MegaCortex ransomware attacks spike

A spike in activity surrounding the relatively new ransomware MegaCortex was detected on May 1 hitting North America and several European nations.

MegaCortex, a take on Metacortex from The Matrix, first surfaced in late January when it was uploaded to VirusTotal from the Czech Republic. Since February there have been 76 confirmed attacks using the malware with 47 happening on May 1 and 2, in each case targeting a large enterprise and impacting hundreds of end points, Sophos reported.

“The convoluted infection methodology MegaCortex employs leverages both automated and manual components, and appears to involve a high amount of automation to infect a greater number of victims,” the report said.

Not all of the attack details are known, but Sophos sees some correlation between MegaCortex and Emotet and possibly Qbot/Qakbot as all have been seen on the same network. This hints to Sophos that the systems hit with MegaCortex may have a preexisting situation where Emotet or Qbot/Qakbot are already on board.

“If you are seeing alerts about Emotet or Qbot infections, those should take a high priority,” Sophos warned.

Brandon Levene, head of applied intelligence at Chronicle, VirusTotal’s parent company, said there is evidence MegaCortex is being used by the same actors as those behind Rietspoof.

“While there are no earlier samples of MegaCortex available, the same signer certificate (CN) is used in both the Rietspoof loader and MegaCortex samples dating back to at least Jan. 22, 2019. This means it is highly likely that the people using Rietspoof with that signature are also using MegaCortex," he said. "I can't say definitively that the same threat actors are behind both Rietspoof and Megacortex, but this finding solidifies a correlation.”

What is known for certain is the attacker, using stolen admin credentials execute a heavily obfuscated PowerShell script that covers a Cobalt Strike script that opens a Meterpreter reverse shell into the victim’s network.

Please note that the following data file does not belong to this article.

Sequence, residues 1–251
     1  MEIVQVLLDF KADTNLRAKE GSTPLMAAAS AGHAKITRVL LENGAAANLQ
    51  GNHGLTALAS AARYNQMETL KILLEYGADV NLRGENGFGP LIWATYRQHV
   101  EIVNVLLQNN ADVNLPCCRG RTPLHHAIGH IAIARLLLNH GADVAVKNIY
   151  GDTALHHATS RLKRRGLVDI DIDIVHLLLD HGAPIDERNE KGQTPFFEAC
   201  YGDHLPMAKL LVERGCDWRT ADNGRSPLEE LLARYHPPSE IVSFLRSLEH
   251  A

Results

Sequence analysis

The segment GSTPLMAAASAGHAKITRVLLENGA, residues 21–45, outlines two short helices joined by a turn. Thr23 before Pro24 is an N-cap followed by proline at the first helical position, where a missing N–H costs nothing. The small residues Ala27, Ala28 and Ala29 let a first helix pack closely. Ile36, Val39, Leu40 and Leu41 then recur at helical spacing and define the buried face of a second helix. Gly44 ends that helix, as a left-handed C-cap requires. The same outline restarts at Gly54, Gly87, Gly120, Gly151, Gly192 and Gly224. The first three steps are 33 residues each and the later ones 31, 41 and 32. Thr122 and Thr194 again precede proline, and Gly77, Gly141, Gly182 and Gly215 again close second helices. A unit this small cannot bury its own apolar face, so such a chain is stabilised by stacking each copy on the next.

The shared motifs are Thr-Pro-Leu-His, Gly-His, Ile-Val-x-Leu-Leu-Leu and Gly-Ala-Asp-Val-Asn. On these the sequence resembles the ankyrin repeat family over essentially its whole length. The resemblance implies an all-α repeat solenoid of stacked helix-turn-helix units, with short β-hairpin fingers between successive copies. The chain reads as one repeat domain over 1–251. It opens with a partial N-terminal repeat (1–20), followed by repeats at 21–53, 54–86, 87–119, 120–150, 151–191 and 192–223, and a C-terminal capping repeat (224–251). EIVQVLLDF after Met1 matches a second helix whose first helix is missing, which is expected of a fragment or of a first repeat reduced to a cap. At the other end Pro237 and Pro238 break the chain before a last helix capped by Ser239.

The ransom note is written as if spoken by the Matrix character Morpheus.

The attack command is issued through the compromised domain controller, which Sophos said, “uses WMI to push the malware — a copy of PsExec renamed rstwg.exe, the main malware executable, and a batch file — to the rest of the computers on the network that it can reach, and then runs the batch file remotely via PsExec.”

The malware then kills 44 processes, issues stop commands to 189 different services and switch the Startup Type for 194 different services to disabled. Next on the strike list is the security software, where it tries to set improperly configured such software to disabled.

The final step launches the already downloaded winnit.exe which drops and executes a DLL payload with an eight-digit alphanumeric filename that actually performs the encryption.  

At this point the rather snarky ransom note appears, which Sophos said goes back to the Matrix theme and is written in the same cadence in which Morpheus speaks in the film.

The ransom amount is not mentioned; instead, the attacker demands the victim send a message to one of two email addresses provided and ask to pay up.

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